Feedspot, the online RSS reader that jumped into action last summer following the removal of social features from Google Reader, is again stepping up to the plate in the wake of the Google Reader demise. The startup, now with another year of development work under its belt, not only offers a solid Google Reader replacement for the desktop, it’s also one of the few to include the ability to search within your RSS feeds.
When Feedspot first debuted in private alpha, the goal was not to be a Google Reader clone, but rather to focus on offering a topic-based stream of news and feeds from users’ Twitter accounts in addition to the standard RSS subscription model. However, those choices were made at a time when going up against a giant like Google meant you had to have a differentiated feature set in order to lure users away from their old standby.
Today, things have changed. With Google Reader out of the picture, startups like Feedspot have a chance to grow a viable user base of their own, and they can do so without having to be remarkably different from what Google Reader once was. Simply offering a reader that looks and feels a lot like Google’s old one is good enough for many.
In this respect, Feedspot, now in public beta, succeeds. It offers an unadorned interface that’s reminiscent of Reader’s starker look, its same keyboard navigation and other shortcuts, and a compact “list” view, which makes for easier headline scanning.
Also, unlike many of the services launching out of Google Reader’s ashes, Feedspot is one of the better options thanks to its head start in terms of development time.
While Digg Reader is still struggling with things like handling unread counts, for example, Feedspot has that and more. For example, the service lets you automatically post both your shared items and favorited items to a variety of third-party sources, including Facebook, Twitter, Pocket, Instapaper, Readability, Buffer and Evernote, plus it lets you search through your folders and articles for keywords – something which even Feedly, one of the top forerunners among Google Reader replacements, has not yet introduced.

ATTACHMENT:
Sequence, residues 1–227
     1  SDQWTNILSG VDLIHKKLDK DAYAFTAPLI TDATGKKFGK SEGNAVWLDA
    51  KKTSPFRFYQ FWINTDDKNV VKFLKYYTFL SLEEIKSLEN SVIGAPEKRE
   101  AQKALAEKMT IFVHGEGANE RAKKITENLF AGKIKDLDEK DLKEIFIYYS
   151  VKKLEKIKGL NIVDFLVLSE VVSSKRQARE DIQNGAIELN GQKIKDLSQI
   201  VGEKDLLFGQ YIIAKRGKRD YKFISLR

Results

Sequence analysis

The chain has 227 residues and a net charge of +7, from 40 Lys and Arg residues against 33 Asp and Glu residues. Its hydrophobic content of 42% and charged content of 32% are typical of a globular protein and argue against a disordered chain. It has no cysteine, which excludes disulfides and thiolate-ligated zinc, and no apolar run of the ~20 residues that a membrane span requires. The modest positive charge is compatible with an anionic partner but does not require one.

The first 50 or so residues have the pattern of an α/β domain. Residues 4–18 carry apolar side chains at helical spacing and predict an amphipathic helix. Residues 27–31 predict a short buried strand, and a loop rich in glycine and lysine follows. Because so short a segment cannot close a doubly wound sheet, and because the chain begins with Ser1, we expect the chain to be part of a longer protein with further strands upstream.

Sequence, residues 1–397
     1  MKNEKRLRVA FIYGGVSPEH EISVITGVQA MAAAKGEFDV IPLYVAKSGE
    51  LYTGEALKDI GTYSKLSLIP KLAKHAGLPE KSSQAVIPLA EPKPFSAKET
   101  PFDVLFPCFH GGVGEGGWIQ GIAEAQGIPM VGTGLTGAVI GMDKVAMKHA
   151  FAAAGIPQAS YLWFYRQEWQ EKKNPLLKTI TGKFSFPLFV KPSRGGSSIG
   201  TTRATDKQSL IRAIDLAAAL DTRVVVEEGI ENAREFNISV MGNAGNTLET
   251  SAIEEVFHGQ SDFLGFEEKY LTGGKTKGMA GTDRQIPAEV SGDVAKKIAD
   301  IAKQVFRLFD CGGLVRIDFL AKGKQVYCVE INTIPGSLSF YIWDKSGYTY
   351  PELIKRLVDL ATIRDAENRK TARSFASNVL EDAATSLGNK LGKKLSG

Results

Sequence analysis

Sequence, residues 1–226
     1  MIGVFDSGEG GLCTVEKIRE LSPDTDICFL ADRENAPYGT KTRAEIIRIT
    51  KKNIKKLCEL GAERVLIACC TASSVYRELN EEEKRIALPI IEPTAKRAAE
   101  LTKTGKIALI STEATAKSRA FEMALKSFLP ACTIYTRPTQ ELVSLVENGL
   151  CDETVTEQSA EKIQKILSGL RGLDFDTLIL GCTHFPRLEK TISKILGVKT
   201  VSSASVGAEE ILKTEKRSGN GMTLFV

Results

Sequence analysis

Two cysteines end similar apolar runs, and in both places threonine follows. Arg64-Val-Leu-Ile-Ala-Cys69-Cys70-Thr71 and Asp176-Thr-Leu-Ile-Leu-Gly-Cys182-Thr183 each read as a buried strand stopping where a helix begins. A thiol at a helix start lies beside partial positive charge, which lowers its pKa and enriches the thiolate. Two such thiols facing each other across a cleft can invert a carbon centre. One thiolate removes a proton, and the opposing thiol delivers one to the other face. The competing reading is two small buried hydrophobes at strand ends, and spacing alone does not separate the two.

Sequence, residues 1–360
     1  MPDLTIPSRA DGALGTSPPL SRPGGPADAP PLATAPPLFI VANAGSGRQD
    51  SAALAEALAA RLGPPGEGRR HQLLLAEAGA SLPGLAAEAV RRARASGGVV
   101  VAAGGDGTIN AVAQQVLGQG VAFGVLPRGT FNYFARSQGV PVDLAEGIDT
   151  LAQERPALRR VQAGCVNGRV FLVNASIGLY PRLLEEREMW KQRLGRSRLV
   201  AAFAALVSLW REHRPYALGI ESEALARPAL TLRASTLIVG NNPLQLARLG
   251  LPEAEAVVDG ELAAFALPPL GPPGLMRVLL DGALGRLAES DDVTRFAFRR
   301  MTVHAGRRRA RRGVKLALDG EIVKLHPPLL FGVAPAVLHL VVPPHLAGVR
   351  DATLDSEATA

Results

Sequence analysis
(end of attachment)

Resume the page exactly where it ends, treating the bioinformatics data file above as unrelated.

In Feedspot, in-article search is a paid upgrade option, which seems to be the direction other feed readers are also now heading (both Digg and Feedly have hinted that may be the case for them as well.) Feedspot Gold, which starts at $1.99 per month, offers the search and advanced sharing options described above, and it turns off advertisements and forces feeds to refresh more frequently, among other things.
To get started with Feedspot, users import their Google Reader subscriptions via OMPL – you can still grab your subscription data, including feeds, stars and notes from Google Takeout up until July 15. You can also browse through categories to find sites you like, too.
The “follow your friends” feature in Feedspot is still there as well, allowing you to find and follow your friends after importing contacts from your email (Gmail, Yahoo, Outlook, Hotmail/MSN/Live, or Aol.) Users can also search for and follow public folders created by other users and follow those folders (e.g. technology, food, web design) instead of having to curate their own feed collections.
However, the social features may not be as compelling as they were back in Reader’s heyday since the RSS user base, already niche, is now fragmented across dozens of new and older services that have since picked up where Google Reader left off.
Feedspot founder Anuj Agarwal tells us that his service offers its own API
which is supported by Mr. Reader (iPad app), Reeder, gReader and other third-party clients. (Correction: this is the eventual goal). The bootstrapped startup today has 150,000 users and is now considering outside funding.